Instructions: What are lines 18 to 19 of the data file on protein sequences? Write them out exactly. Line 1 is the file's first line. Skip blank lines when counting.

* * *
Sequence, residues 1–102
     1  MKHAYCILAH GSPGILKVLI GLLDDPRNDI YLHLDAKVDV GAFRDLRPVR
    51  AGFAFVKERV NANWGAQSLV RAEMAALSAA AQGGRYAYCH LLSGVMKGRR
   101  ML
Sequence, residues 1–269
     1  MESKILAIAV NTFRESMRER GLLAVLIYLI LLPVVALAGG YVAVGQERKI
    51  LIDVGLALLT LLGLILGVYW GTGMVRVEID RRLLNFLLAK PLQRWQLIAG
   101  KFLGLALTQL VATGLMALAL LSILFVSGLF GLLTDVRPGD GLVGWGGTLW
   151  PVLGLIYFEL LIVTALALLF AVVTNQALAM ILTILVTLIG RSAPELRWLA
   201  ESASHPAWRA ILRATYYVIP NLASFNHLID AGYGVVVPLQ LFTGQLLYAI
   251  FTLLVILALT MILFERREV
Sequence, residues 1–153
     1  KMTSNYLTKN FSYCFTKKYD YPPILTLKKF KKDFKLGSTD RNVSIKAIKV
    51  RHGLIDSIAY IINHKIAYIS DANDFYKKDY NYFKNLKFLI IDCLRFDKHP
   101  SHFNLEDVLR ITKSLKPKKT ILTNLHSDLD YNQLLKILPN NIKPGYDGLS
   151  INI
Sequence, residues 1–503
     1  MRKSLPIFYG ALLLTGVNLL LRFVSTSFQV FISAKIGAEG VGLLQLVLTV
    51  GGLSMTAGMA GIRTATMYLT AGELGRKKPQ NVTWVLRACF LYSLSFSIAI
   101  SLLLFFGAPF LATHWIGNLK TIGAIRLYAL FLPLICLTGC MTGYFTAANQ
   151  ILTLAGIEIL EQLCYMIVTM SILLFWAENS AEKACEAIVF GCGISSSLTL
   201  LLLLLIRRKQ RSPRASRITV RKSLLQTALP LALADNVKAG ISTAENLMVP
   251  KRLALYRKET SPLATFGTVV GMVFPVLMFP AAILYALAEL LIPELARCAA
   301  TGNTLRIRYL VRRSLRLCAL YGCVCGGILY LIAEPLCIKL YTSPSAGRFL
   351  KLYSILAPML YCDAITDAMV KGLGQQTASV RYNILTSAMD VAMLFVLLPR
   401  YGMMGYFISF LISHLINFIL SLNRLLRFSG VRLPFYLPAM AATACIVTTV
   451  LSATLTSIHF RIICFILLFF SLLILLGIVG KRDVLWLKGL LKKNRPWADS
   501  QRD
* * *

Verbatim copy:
     1  MRKSLPIFYG ALLLTGVNLL LRFVSTSFQV FISAKIGAEG VGLLQLVLTV
    51  GGLSMTAGMA GIRTATMYLT AGELGRKKPQ NVTWVLRACF LYSLSFSIAI